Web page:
Dual Sovereignty between state and federal courts, some early abuses
Federal Judge harangues both jury and defense attorney over an acquittal verdict
Posted on March 15, 2021
Plenty of people have voiced concern over abuses of the doctrine of dual sovereignty and its concept; it has been defined as a doctrine holding that more than one sovereign (as a state government and the federal government) may prosecute an individual without violating the prohibition against double jeopardy if the individual’s act breaks the laws of each sovereignty. Here is an example of an early abuse of the doctrine.
Stephen E. Henderson and Dean A. Strang (University of Oklahoma – College of Law and Loyola University Chicago School of Law) has posted Behind Bartkus: A Flamboyant Lawyer, a Vindictive Judge, and the Untold Story of Double Jeopardy’s Dual Sovereignty (New Criminal Law Review (forthcoming 2021)) on SSRN.
Here is the abstract: A young defense attorney earns his client, charged in federal court with bank robbery, a jury acquittal. (It’s the attorney’s first.) One would expect the ‘impartial’ judge to thank the jury for its service. Instead, this one harangues both jury and defense attorney (“entailing changes in his complexion from red to purple to dead white”), publicly rails against the verdict, attempts to bar the jurors from service for life, refuses to release the defendant, and prods prosecutors to bring a duplicative state prosecution that would end in conviction for the same crime.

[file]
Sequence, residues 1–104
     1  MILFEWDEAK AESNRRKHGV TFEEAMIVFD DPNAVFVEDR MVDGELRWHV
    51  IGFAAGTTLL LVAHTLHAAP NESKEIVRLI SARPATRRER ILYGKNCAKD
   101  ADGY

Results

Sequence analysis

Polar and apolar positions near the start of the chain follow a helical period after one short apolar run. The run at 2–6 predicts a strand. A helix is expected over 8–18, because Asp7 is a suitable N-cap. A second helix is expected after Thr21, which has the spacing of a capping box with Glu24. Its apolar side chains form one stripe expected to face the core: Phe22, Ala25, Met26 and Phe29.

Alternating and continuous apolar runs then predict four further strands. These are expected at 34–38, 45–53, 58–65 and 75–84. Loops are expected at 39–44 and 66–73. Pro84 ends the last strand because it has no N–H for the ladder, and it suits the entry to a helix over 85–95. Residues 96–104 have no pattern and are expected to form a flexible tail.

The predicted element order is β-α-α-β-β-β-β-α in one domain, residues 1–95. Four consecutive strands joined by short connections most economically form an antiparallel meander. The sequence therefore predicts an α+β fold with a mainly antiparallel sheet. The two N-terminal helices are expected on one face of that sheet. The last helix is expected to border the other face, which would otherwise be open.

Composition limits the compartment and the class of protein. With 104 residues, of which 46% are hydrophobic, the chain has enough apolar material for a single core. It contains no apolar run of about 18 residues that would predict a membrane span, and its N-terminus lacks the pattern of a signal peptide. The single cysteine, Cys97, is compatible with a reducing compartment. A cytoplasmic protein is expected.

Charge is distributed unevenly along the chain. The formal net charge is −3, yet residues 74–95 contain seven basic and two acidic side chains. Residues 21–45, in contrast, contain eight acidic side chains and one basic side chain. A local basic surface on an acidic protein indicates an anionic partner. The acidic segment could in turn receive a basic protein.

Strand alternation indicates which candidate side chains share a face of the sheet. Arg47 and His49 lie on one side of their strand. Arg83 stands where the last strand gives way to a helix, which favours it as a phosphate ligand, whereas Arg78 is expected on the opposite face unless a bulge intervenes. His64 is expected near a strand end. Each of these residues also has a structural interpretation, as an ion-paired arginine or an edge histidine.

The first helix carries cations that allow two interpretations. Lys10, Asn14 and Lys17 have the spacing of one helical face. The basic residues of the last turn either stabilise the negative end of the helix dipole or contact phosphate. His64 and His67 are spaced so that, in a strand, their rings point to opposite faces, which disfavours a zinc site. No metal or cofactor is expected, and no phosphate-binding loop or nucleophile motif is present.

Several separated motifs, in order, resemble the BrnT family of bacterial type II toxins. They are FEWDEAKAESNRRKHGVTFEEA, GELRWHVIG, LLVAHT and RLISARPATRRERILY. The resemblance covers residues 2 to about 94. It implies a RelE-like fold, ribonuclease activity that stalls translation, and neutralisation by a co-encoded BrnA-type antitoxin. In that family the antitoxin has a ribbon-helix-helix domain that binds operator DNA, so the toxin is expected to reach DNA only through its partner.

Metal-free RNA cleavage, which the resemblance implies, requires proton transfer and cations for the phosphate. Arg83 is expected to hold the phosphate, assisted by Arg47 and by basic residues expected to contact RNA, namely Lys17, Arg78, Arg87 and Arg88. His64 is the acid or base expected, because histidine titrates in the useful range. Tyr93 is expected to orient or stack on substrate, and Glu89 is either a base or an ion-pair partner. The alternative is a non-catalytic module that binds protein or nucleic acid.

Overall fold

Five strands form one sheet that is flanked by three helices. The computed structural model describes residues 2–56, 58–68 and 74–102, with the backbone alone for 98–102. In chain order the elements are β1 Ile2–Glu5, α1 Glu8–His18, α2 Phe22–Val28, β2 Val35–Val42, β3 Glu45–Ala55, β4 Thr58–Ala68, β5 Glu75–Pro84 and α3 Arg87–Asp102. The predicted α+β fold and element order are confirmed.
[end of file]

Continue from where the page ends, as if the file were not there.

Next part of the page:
To anyone who respects the rule of law—or at the very least to anyone who respects the American jury—this should be deeply troubling. Yet when it took place in a Chicago federal courtroom in December 1953, state prosecutors leapt at the federal judge’s call. And when the appeal of the duplicative state prosecution reached the UnitedStates Supreme Court, the defendant lost 5-4.
Criminal practitioners know that result as Bartkus v. Illinois, 359 U.S. 121 (1959), a rule of double-jeopardy ‘dual sovereignty’ that the Court reaffirmed in 2019. But next to nobody appreciates how it began in that Chicago federal courtroom. That history comes to life in the unpublished notes of the remarkable defense lawyer. It is a story that underscores just how wrongheaded is the legal rule, and that makes vivid the abuse of judicial power. Source: The Untold Story Of Dual Sovereignty | (amjudges.org)